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AmarilloRed
11-01-2007, 01:38 PM
Ranking Japanese Pitchers

By my count there are five Japanese pitchers who stand a good chance of jumping over to MLB for the 2008 season. I asked Aaron Shinsano and Jackson Broder of East Windup Chronicle to rank them for us and write a short description for each. Another knowledgable friend, Tak Iwanaga, also added some info below.

1. Hitoke Iwase - Iwase was on the hill for the tail end of last night's perfect game, the Japan Series clinching victory for the Chunichi Dragons. The lefty closer has 40+ saves three years running with a career 1.91 ERA. Tops out at around 93 MPH, but has arguably the best slider in Japan. He's starting to lose movement and velocity on his pitches, but is making up for it with very good control. A nice fit for the Okajima fetishist.

2. Kenshin Kawakami - Japan's highest paid starter for the champion Chunichi Dragons (he made around $3MM) mixes a fastball, cutter, and curveball. His fastball runs around 87 and his curve is very slow. He's known as a big game pitcher and always challenges hitters. He was 12-8 with a 3.55 ERA in 2007, but the K/BB ratio was an appealing 6.3 in 167 2/3 IP. He's a HR prone strikeout pitcher. Kawakami has been healthy for the past four seasons.

3. Hiroki Kuroda - One number to remember here: 300, as in 300 feet to left and 300 feet to right. That’s the stadium Kuroda spent 10 years in, and still he managed to post a sub-2.00 ERA in 2006 and go 13-6. What could he do in Petco with 67 extra feet to left to play with? Tak says that at the least, he's an innings eater.

4. Kazumi Saito - Before Dice-K made his way to Boston, it was Hanshin's Saito, not Matsuzaka that was regarded as the top starter in Japanese baseball. He's won the Sawamura award three times, and when healthy puts up absurd numbers and gaudy K totals. His 2006 line for the Fukuoka Hawks--18-5, 205 K's in 201 IP, a 1.75 ERA--is the stuff of fictional video game characters. Saito employs a big time leg kick, mixing up a forkball, cutter, and nasty hammer in with his mid 90's fastball.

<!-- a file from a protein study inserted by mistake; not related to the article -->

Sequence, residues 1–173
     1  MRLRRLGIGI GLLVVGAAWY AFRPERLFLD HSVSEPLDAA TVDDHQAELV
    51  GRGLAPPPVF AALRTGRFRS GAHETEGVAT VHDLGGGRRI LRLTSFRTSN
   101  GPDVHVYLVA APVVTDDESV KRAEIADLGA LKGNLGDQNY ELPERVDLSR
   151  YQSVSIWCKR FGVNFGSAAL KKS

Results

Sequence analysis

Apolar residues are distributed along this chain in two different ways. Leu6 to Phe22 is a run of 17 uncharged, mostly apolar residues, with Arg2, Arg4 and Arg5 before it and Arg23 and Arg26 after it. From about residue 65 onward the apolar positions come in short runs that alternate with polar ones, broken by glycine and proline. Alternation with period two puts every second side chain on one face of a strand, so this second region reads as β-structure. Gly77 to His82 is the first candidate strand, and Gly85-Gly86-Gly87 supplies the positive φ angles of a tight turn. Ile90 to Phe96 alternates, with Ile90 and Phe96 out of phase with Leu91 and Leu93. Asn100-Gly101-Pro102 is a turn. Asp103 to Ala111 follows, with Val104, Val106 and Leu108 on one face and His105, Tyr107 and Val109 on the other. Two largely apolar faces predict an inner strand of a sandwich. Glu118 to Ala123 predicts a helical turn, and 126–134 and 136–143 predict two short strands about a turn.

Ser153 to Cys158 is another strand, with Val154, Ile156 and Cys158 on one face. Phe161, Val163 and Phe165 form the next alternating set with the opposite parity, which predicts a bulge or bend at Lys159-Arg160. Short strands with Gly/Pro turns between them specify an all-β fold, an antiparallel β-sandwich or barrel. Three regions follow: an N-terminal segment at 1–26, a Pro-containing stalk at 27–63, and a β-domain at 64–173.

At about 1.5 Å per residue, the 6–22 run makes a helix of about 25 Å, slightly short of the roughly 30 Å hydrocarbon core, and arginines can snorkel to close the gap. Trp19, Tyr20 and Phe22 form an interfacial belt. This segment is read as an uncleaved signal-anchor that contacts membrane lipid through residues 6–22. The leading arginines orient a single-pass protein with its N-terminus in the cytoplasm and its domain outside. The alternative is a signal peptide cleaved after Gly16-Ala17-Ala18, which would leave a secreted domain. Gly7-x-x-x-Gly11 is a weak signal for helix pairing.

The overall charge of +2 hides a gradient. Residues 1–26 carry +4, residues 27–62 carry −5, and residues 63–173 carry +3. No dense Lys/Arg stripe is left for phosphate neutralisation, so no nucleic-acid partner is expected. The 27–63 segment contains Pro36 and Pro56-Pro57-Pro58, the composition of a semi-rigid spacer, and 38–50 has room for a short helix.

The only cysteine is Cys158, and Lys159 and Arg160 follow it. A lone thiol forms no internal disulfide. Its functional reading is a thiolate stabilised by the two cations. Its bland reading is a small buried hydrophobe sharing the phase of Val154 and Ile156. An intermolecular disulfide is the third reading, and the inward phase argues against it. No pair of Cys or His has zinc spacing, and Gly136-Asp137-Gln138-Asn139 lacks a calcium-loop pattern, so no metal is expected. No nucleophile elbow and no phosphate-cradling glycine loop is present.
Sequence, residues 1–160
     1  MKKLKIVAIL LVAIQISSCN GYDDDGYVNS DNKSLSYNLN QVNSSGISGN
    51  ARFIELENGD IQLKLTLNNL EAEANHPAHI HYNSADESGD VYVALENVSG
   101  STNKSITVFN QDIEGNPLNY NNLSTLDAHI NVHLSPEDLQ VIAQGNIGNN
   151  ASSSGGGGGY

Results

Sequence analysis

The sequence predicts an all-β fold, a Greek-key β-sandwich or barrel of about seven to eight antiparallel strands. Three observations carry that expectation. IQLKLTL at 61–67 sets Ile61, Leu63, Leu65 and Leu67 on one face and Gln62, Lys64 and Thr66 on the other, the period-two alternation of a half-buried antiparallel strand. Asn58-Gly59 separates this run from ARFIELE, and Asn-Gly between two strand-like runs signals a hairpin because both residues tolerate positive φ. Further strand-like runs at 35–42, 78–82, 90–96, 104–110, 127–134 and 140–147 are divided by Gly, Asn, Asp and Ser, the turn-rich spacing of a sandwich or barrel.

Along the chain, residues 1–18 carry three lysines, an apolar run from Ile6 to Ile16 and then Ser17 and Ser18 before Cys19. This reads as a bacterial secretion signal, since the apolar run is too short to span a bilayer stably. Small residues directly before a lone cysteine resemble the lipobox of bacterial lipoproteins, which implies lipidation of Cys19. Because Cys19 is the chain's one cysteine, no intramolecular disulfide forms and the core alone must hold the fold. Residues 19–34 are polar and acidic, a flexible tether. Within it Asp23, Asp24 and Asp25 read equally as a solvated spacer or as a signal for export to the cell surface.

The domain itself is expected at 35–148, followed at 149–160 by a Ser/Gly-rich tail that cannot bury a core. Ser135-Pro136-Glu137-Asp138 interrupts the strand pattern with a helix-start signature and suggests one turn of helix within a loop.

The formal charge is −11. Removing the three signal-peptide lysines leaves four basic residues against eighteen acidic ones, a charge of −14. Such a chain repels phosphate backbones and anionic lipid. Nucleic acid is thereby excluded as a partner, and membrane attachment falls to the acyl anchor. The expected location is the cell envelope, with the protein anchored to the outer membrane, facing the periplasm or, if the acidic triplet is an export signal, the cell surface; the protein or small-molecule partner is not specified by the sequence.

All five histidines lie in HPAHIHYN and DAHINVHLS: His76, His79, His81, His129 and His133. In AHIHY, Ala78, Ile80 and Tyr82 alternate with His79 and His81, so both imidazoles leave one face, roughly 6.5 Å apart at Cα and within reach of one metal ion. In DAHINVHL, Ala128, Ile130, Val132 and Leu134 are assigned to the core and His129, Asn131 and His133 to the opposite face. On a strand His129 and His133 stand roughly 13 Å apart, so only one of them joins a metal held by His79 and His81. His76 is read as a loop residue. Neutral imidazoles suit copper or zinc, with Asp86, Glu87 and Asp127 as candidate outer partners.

Unfortunately for Saito and the many MLB suitors bandying his name about, he has been dealing with a chronic Prior-esque shoulder injury that could (and should) be a concern for squads ready to drop big coin on a Japanese starter. Saito's numbers when healthy were good this year as he battled back from injury: 6-3, 2.74, 71 K's in 72 1/3 IP, but are teams going to post a $30 million posting fee and $10 mil a year for a starter with shoulder issues? Boom or bust.

5. Masahide Kobayashi - Lost seven games and ERA rose nearly a point in 2007, but that shouldn't deter teams from pursuing this 200+ save closer for Chiba Lotte. Throws from the stretch, and has that deceptive delivery that scouts seem to like these days. Has a great forkball that often tails in toward the batter. Not as good as Iwase or Koji Uehara, but might just be an upgrade over, say, The Farns. Tak adds that he was dropped to the "minors" at the end of the season and many feel his velocity and control are slipping.

Would any of you be interested in trying to sign any of these players? The domestic market for pitchers is weak, and this might be our best option.

Degenerate39
11-01-2007, 01:41 PM
Id be intereted in all of them but they'll be too expensive for my taste I bet.

AmarilloRed
11-01-2007, 02:35 PM
I would consider going after one of them if we don't have to pay the Dice-K down payment. Dice-K was not a free agent last year however. Another problem is that they may want to play in a city with a large Asian fanbase, and that is not Cincinnati. I know these pitchers may come to MLB next year, but am unaware how many of them are actually free agents.

redsfanmia
11-01-2007, 03:24 PM
What is the Asian population in and around Cincinnati? I dont know but I am assuming that its not that great so I doubt any Japaneese pitchers would consider playing here.

GoReds33
11-01-2007, 03:34 PM
I think that Iwase could be awesome out of the pen in Cincinnati. If he is anywhere near a decent price we should go after him.

AdamDunn
11-01-2007, 09:08 PM
Hiroki Kuroda... we could use an inning eater at #3 so we don't have to go to the bullpen so soon. He won't give up the long ball. But honestly, we need to tap the Asian market. There is so much money and talent there (look at Wang, Ichiro, Dice-K, Okajima, Hideki Matsui). Think of how much revenue that the Yankees, Red Sox, and Mariners are making. WE CAN DO THAT!